In a climate wherein anti-semitic comment has swept through the halls of academia, and anti-Israeli sentiment is the rule at the BBC, Reuters, AFP, The Guardian, The Independent, The New York Times and other media organisations, the Anti Defamation League should know well what the problem with the suppression of opinions and news is, and they should be ashamed of their recent conduct.
Dennis MacShane, writing in today’s Telegraph:
At long last, the debate on Islamism as politics, not Islam as religion, is out in the open. Two weeks ago, Jack Straw might have felt he was taking a risk when publishing his now notorious article on the Muslim veil. However, he was pushing at an open door. From across the political spectrum there is now common consent that the old multicultural emperor, before whom generation of politicians have made obeisance, is now a pitiful, naked sight.
This is not confined to the labour Party, but it is most obvious there, with Ruth Kelly leading the charge. The idea that Jack Straw would have published his thoughts on the veil without reference to his party and then held his breath is not credible.
In their recent letter to Ruth Kelly, the Muslim Council of Britain said:
In recent months there has been a veritable regular drip-feed of ministerial statements stigmatising an entire community. We have seen ministers’ tours and even legislation being proposed on the premise that ‘mosques are a problem’. We have been told to accept that greater numbers of Muslims will be stopped and searched and also to ‘inform’ on our children. This relentless barrage has been disheartening and you will understand our worry about where all this is leading. Some Muslims have even sought the MCB’s advice on whether they should change their names in order to avoid anti-Muslim remarks. This is what happens when a community is singled out by those at the helm of affairs.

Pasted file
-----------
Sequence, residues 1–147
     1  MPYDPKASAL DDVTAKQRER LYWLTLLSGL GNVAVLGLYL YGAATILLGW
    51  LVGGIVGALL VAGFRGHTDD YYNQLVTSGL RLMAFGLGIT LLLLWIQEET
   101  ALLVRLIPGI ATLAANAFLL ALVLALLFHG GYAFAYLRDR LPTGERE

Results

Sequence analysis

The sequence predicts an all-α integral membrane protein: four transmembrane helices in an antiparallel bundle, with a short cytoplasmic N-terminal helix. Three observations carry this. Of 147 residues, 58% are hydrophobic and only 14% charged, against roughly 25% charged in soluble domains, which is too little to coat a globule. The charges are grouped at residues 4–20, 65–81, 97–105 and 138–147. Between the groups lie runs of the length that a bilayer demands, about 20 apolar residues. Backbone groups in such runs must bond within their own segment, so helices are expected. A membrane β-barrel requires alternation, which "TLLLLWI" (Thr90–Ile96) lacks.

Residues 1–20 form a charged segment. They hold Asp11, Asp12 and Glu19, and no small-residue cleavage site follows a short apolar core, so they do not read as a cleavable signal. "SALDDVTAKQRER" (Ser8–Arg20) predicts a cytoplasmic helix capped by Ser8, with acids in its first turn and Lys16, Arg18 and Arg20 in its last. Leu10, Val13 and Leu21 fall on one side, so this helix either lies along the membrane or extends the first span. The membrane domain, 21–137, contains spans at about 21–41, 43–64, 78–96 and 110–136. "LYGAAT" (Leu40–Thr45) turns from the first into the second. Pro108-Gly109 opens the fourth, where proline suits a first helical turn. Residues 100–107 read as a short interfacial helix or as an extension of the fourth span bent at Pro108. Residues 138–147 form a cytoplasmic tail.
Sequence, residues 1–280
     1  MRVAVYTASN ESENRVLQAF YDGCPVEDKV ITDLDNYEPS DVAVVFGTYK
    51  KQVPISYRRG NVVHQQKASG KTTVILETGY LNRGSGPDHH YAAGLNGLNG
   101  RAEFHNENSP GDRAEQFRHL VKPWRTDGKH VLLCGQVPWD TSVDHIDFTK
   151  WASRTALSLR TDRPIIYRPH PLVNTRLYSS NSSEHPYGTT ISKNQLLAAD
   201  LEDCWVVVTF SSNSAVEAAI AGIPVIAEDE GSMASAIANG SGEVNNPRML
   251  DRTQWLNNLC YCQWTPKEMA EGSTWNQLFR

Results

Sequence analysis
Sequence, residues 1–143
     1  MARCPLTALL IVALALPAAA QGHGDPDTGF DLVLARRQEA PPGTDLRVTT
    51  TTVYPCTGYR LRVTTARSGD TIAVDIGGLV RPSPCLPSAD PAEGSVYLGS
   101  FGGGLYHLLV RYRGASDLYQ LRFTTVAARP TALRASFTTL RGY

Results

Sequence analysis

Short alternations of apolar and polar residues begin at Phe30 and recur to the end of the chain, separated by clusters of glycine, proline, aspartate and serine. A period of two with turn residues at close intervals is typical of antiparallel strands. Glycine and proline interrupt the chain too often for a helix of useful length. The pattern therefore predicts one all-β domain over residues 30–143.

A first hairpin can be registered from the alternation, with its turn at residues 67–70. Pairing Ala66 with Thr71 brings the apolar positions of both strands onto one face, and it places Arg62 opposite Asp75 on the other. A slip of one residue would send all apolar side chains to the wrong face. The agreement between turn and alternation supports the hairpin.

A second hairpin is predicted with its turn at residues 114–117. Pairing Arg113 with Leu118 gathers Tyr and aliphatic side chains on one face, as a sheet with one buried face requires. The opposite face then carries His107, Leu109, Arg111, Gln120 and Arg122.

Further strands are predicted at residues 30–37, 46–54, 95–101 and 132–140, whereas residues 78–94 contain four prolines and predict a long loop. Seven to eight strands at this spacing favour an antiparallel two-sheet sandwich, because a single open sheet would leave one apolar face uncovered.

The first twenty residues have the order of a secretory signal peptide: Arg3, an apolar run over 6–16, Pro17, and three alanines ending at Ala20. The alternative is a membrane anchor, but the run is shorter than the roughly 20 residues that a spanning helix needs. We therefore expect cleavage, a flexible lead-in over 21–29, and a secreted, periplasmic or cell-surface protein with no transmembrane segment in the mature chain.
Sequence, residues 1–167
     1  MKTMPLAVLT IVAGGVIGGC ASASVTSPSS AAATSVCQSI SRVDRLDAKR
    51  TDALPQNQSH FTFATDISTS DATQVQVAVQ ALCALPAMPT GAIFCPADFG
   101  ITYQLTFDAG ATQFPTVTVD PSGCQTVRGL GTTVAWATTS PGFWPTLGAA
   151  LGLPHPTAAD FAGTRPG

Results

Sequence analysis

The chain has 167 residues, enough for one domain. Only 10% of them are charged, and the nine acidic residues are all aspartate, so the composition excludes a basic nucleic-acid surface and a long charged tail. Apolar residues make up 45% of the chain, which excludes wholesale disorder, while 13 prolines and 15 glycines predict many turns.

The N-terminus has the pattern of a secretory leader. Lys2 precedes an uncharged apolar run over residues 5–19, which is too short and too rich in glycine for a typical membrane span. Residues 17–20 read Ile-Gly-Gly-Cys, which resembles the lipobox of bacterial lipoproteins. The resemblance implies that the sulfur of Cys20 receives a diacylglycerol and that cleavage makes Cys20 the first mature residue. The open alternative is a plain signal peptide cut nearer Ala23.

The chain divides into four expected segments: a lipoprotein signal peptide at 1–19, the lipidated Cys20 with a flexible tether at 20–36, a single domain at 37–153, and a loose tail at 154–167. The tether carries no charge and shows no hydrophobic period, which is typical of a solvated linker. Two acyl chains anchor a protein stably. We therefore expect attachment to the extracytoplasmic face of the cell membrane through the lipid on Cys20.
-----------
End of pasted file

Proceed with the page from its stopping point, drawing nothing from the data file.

The MCB is right about this.
The consequences of giving preferential treatment to extremists like the MCB for a decade, of deferring to the real or imagined sensitivities of a small section of the population, and thereby causing genuine resentment, dislike and even hatred of all Muslims generally within society, then reversing the position and releasing a constant stream of remarks, initiatives and policy changes that feed this cultivated dislike could be horrendous.
Why are Labour doing this? It must be a deliberate policy. I can see no other explanation than that their private polling has revealed a serious threat to their position with the bedrock of their support, the white working class. Having caused the problem, by favouring Muslim extremists to the great personal cost especially of moderate Muslims in the country who have had to endure a surge of religious conservatism, veilings, forced marriage, curtailed female education, lost voting rights for the weakest (especially women) and “honour” violence, they are now reversing the position, also to the potential great cost of moderate Mulsims in this country.